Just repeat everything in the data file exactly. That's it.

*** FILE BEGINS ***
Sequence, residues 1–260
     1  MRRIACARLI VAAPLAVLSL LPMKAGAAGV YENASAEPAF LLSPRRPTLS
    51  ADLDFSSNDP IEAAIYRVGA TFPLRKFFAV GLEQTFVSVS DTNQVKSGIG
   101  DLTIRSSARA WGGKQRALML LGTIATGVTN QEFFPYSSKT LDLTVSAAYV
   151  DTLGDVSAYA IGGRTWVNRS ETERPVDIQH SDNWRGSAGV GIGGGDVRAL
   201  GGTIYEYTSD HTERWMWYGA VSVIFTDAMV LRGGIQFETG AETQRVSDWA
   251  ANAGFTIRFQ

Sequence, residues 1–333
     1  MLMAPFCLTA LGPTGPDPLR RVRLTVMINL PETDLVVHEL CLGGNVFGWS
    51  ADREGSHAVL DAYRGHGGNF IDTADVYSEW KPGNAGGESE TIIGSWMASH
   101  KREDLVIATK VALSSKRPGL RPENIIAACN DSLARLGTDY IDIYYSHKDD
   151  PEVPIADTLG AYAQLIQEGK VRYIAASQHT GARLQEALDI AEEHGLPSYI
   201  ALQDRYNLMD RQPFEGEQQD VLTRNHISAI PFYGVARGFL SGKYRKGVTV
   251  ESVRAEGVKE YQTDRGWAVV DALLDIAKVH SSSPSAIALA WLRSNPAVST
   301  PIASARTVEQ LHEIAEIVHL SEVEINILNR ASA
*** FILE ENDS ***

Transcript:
Sequence, residues 1–260
     1  MRRIACARLI VAAPLAVLSL LPMKAGAAGV YENASAEPAF LLSPRRPTLS
    51  ADLDFSSNDP IEAAIYRVGA TFPLRKFFAV GLEQTFVSVS DTNQVKSGIG
   101  DLTIRSSARA WGGKQRALML LGTIATGVTN QEFFPYSSKT LDLTVSAAYV
   151  DTLGDVSAYA IGGRTWVNRS ETERPVDIQH SDNWRGSAGV GIGGGDVRAL
   201  GGTIYEYTSD HTERWMWYGA VSVIFTDAMV LRGGIQFETG AETQRVSDWA
   251  ANAGFTIRFQ

Sequence, residues 1–333
     1  MLMAPFCLTA LGPTGPDPLR RVRLTVMINL PETDLVVHEL CLGGNVFGWS
    51  ADREGSHAVL DAYRGHGGNF IDTADVYSEW KPGNAGGESE TIIGSWMASH
   101  KREDLVIATK VALSSKRPGL RPENIIAACN DSLARLGTDY IDIYYSHKDD
   151  PEVPIADTLG AYAQLIQEGK VRYIAASQHT GARLQEALDI AEEHGLPSYI
   201  ALQDRYNLMD RQPFEGEQQD VLTRNHISAI PFYGVARGFL SGKYRKGVTV
   251  ESVRAEGVKE YQTDRGWAVV DALLDIAKVH SSSPSAIALA WLRSNPAVST
   301  PIASARTVEQ LHEIAEIVHL SEVEINILNR ASA